What about behaviour that is attention seeking? I think we need to stop talking about attention like it's a terrible thing to want. Most of us want attention from others at regular intervals, this is a basic human need not some craven desire. Some of us need more than others.
Again, if someone is needing to behave in ways others consider challenging in order to access attention this shows they are not getting the level of attention they need, this is distress. This is why we have laws to protect people from neglect.
One of my bugbears is the trend of describing behaviour as communication. As soon as we say it is communication we are assuming that the person has communicative intent. We often do this even when the rest of the time we recognise that their communication skills are limited.
Sure, it can be useful to consider what the person may be trying to tell you but behaviour as communication suggests that DISTRESSED behaviour is a deliberate, conscious, even malicious act.
Meltdowns are separable from tantrums in that they are not an attempt to influence another person. See… and…
To paraphrase a lecture by @JillBradshaw13 , when we say behaviour is communication we only think in terms of the behaviour being 'in order to...' and so we overlook the possibility that it is actually 'because of...'
We're back to seeing the impact on others and overlooking the distress of the individual. A person does not have to understand the impact of their actions in order to protest their distress - a simple example (in no way infantilising anyone else) is that a young baby...
...does not think through 'I am going to cry now so I get fed', rather a baby experiences the distress of hunger and cries in response to this.
I'm not saying we shouldn't empathise with people who support those experiencing distressed behaviour. I'm not saying this isn't extremely traumatic for those who get caught in the crossfire of explosive distress, particularly families who do not have the luxury of choosing...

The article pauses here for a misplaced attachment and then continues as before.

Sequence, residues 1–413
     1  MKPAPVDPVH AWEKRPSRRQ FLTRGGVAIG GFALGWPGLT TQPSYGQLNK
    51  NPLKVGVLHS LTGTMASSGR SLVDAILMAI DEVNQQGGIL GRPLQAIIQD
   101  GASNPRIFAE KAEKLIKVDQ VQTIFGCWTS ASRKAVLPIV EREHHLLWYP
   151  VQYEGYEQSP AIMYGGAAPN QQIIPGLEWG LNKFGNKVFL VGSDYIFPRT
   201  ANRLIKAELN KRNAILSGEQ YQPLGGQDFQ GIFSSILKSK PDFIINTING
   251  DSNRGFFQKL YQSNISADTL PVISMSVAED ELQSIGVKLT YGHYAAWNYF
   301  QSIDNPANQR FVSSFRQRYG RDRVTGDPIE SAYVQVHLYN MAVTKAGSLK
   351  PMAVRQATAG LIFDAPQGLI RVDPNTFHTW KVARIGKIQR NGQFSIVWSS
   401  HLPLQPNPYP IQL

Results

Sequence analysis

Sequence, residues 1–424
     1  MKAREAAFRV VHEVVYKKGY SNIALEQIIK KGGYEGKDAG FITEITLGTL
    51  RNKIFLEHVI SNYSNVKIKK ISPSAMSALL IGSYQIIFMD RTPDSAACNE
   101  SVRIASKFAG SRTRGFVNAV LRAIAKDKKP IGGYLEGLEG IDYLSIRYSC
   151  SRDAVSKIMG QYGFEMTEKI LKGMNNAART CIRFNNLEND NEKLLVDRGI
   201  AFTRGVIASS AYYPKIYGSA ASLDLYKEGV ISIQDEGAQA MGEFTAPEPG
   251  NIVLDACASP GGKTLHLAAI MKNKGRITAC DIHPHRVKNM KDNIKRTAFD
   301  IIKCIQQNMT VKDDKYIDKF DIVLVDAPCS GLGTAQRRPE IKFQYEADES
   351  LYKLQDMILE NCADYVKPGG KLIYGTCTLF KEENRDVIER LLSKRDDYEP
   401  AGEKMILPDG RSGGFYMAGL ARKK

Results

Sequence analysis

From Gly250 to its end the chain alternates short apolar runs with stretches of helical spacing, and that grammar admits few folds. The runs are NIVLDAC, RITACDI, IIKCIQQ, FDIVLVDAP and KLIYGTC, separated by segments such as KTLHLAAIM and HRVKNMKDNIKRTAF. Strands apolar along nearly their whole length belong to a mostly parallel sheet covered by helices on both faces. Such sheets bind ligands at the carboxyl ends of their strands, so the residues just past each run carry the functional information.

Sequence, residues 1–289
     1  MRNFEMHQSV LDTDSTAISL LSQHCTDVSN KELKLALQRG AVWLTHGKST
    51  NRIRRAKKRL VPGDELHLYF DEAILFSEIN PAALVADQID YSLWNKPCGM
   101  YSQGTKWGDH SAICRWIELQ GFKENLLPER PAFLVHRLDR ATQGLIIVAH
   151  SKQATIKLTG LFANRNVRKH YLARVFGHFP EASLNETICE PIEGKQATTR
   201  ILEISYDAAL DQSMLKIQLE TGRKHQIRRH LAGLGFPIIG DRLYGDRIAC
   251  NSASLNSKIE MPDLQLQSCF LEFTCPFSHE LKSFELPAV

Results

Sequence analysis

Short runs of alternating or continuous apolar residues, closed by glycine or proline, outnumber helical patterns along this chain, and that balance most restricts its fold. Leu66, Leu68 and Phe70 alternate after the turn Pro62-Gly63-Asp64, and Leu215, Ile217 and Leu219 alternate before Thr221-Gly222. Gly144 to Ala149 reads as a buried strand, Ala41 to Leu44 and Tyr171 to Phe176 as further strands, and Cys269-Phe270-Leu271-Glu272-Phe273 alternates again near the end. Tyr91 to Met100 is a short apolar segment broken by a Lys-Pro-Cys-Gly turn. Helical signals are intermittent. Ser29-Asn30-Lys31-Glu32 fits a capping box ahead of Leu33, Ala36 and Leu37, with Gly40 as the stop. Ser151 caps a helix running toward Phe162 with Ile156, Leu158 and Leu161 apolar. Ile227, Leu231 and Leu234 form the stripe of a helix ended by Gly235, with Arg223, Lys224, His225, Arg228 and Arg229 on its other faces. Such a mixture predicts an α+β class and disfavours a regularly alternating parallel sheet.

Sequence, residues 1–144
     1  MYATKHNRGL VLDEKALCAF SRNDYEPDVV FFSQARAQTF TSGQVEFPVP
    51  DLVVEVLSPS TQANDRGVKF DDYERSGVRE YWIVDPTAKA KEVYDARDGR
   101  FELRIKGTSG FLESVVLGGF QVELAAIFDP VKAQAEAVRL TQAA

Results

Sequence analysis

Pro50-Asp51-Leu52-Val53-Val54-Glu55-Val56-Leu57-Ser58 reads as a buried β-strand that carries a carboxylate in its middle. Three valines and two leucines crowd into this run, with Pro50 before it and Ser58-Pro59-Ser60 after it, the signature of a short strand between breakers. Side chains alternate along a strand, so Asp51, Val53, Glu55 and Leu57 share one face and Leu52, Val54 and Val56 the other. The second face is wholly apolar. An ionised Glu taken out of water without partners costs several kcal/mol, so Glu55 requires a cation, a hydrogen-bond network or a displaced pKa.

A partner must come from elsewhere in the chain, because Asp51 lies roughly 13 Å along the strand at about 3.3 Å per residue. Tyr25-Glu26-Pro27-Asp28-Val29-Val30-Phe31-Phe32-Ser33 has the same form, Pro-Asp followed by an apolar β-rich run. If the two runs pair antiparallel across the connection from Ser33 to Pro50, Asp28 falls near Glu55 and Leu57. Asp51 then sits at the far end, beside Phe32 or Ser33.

...not to be impacted by this.
I will say however, as someone who has had an continues to have messy meltdowns as well as caring for others in similar distress, ime as frightening and downright heartbreaking as is can be on the outside looking in... is always worse for the person who is experiencing the emotional tsunami.
So how should we describe distressed behaviour? Is it something someone suffers from? Should it be seen as a condition somone 'has'? I think it's best described in terms of being experiential, I'd say the person experiences distressed behaviour.
I'm not trying to argue that anyone should be exonerated from the consequences of their actions. I would argue however that when the individual is neurodivergent and thus disenfranchised by a society not generally designed by or for us, there's always an element of distressed...
...behaviour which could be seen in terms of the individual being failed.
Why does any of this matter? I think if we change the way we think about distressed behaviour to make it more person centred this will impact on how we support those people. I think greater empathy could reduce the mental health impact of being considered 'challenging'.
Trying to counteract the narrative that was constant through my childhood, that I was naughty, bad, a monster, like Jekyll and Hyde is still a work in progress for me and many other autistic adults. I wasn't trying to challenge, I was in distress. I wish people had known that.